According to Mortgage Choice’s Evolving Great Australian Dream white paper, 24.2 per cent of Australians worry about money on a daily basis, while a similar amount (24.4 per cent) worry about their finances on a weekly basis.
Just 13.9 per cent of respondents to the white paper said that they worry about their expenditure on a monthly basis.
The chief executive officer of Mortgage Choice said that the fact that nearly of quarter of people worry about their finances daily “is a startling statistic”.
Noting that the cost of living was increasing and wage growth had been stagnating, Mr Flavell said he wasn’t surprised to hear that Australians were worrying about their money.
He commented: “The Australian Bureau of Statistics’ latest Wage Price Index found wages grew just 1.9 per cent between the December 2015 quarter and the December 2016 quarter, which is incredibly low by long-term standards.
“And while wage growth is stagnating, property prices continue to rise, with data from CoreLogic showing property values across the combined capital cities have risen 11.7 per cent over the 12 months to March 2017.”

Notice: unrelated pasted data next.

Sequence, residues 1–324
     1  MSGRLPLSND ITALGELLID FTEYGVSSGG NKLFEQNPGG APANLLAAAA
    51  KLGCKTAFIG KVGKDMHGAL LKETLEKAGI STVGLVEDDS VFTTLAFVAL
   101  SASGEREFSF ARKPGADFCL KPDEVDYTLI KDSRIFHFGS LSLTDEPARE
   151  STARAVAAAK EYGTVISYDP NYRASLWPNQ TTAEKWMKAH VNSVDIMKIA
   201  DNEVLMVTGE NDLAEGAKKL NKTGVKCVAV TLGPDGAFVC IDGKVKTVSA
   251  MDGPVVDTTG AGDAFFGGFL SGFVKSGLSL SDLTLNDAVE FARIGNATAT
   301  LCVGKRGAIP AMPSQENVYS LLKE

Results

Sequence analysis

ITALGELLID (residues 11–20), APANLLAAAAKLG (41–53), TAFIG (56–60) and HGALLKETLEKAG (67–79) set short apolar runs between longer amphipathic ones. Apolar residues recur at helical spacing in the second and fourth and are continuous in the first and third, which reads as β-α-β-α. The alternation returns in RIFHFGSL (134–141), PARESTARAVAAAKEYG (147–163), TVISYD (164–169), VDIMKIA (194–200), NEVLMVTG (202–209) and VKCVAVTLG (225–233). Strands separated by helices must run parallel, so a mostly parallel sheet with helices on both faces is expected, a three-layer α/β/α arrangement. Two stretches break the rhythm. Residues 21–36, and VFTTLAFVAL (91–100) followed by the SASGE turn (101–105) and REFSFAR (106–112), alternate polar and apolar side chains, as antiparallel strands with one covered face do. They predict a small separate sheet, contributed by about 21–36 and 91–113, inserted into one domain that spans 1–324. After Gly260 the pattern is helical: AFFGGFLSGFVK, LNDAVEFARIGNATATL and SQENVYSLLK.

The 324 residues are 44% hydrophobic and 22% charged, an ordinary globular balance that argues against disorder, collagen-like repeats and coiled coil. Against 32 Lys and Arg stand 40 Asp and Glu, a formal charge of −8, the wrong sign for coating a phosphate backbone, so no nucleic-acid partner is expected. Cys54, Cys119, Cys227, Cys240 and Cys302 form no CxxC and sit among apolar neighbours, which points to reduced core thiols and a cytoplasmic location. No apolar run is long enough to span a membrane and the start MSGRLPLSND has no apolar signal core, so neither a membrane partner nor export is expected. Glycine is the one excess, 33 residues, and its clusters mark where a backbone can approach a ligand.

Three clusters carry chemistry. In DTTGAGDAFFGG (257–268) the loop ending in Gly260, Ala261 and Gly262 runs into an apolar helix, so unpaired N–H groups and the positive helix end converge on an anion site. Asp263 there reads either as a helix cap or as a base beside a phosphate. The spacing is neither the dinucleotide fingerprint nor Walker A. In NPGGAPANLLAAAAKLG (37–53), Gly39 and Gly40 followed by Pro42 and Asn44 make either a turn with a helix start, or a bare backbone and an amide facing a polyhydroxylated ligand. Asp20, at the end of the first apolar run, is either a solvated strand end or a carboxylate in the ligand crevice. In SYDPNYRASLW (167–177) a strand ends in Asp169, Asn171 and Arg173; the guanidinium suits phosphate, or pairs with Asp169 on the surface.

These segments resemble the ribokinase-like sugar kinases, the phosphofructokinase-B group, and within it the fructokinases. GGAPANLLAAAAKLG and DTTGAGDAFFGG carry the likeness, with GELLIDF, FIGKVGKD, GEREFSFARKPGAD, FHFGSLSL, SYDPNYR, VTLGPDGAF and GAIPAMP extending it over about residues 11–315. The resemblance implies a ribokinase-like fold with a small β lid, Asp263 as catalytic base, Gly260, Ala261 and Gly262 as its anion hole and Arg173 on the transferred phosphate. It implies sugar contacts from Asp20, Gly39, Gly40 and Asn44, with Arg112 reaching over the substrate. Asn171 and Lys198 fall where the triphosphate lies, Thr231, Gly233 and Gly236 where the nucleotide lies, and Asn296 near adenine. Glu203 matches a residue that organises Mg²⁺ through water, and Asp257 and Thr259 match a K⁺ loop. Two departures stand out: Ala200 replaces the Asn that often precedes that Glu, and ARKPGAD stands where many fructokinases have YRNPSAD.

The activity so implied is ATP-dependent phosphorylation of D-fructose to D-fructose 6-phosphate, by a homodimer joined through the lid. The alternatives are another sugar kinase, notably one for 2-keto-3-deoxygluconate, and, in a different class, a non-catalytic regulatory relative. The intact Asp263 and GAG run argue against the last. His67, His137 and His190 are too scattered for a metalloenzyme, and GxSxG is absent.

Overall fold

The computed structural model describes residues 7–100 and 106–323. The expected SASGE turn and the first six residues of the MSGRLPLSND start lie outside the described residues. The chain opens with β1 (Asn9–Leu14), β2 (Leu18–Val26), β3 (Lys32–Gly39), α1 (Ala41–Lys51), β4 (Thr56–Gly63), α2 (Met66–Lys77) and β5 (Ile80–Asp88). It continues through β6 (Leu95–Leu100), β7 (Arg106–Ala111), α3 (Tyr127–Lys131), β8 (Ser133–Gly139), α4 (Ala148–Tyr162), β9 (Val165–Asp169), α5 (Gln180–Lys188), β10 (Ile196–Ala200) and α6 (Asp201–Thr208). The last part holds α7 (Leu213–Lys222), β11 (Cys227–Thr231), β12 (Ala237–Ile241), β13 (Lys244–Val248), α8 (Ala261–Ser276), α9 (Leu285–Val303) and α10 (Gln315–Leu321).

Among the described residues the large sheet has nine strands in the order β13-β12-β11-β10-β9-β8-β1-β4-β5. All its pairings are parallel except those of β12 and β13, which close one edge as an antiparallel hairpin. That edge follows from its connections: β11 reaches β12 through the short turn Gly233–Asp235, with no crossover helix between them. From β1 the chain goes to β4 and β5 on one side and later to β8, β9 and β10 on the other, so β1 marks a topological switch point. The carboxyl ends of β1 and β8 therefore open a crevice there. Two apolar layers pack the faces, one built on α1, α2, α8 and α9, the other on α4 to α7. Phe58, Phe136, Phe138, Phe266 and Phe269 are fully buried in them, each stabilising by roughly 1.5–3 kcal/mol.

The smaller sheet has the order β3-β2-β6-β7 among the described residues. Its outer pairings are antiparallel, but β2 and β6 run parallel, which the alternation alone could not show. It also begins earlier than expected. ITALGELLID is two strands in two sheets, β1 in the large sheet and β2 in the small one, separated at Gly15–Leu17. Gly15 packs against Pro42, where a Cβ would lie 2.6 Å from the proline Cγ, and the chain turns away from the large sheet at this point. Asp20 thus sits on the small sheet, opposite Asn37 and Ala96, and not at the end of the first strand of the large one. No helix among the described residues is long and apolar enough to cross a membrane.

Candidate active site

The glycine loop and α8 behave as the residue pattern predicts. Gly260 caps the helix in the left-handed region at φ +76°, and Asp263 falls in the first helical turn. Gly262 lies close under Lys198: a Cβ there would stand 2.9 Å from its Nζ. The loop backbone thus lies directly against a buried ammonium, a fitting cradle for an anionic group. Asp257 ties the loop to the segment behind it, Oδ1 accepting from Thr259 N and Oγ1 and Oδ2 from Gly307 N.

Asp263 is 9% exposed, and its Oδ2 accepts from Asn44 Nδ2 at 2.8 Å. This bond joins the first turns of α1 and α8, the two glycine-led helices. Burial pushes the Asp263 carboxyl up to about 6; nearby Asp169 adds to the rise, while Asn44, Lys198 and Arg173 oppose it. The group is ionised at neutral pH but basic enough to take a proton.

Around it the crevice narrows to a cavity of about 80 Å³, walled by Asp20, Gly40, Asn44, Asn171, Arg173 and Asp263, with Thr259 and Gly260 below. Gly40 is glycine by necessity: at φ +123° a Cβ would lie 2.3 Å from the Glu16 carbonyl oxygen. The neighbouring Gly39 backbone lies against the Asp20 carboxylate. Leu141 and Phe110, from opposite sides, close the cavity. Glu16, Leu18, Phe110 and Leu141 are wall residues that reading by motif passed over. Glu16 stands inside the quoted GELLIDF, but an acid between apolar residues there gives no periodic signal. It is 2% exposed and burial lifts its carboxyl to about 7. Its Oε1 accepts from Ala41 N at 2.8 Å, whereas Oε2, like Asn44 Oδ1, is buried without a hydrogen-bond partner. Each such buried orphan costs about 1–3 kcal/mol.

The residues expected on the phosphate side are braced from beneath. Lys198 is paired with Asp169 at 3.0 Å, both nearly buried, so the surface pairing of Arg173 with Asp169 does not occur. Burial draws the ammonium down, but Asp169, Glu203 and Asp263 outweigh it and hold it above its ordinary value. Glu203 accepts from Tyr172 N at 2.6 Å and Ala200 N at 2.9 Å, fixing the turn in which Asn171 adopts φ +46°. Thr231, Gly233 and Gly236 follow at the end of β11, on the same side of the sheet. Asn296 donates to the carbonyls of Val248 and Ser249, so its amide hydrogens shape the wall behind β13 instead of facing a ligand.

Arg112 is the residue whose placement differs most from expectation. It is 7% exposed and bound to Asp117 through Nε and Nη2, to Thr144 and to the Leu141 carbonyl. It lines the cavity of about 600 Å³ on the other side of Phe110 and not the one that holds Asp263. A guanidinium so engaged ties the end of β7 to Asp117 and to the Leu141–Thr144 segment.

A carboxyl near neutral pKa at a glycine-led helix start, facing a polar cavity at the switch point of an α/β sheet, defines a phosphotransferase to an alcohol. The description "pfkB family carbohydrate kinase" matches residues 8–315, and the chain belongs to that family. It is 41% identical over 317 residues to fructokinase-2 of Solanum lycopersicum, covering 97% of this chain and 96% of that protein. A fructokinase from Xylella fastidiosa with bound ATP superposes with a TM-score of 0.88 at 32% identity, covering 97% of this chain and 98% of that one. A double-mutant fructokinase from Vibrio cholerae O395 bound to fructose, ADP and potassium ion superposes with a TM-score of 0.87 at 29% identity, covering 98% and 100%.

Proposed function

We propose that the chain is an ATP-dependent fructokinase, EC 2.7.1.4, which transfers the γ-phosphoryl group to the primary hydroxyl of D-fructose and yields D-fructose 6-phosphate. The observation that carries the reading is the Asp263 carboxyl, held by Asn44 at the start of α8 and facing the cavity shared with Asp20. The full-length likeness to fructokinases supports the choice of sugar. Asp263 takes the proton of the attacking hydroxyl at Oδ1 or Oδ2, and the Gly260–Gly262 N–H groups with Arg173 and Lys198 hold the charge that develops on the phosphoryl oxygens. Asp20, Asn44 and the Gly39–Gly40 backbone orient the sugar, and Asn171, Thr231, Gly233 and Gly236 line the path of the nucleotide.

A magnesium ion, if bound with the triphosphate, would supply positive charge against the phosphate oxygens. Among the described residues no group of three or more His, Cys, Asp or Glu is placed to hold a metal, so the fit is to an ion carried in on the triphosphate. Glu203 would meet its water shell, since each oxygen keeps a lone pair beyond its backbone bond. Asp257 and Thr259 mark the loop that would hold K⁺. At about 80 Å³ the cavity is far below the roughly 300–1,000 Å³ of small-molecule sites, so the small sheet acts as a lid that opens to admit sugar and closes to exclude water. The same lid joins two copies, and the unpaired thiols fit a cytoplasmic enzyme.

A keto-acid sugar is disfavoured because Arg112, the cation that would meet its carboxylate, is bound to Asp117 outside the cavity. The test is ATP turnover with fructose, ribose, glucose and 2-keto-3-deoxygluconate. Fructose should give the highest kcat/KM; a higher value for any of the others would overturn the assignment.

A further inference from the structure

Mr Flavell conceded that he would “expect to see an even greater proportion of Australians stating that they worry about their money on a frequent basis” as property prices continue to rise, along with the cost of food, gas and electricity, childcare fees and transportation.
“If people want to stop worrying about their finances and take charge of their financial situation, the best thing they can do is act strategically,” he said.
The CEO suggested that consumers could draw up a budget that includes all of their incomings and outgoings each pay cycle.
“The more detailed the budget is, the better off they will be. By having a detailed budget, people will be able to easily identify where they may be able to cut back,” he said.
“While budgeting isn’t always an easy or pleasant task, it is certainly a lot better than worrying about your finances on a regular basis.
“If, after creating a budget, people still find they worry about their finances frequently, the best thing they can do is ask for professional assistance,” Mr Flavell suggested.
Annie Kane is the editor of Mortgage Business.
As well as writing news and features on the Australian mortgage market, financial regulation, fintechs and the wider lending market – Annie is also a regular contributor to the Mortgage Business Uncut podcast.
Before joining Momentum Media in 2016, Annie wrote for a range of business and consumer titles, including The Guardian (Australia), BBC Music Magazine, Elle (Australia), BBC Countryfile, BBC Homes & Antiques, and Resource magazine.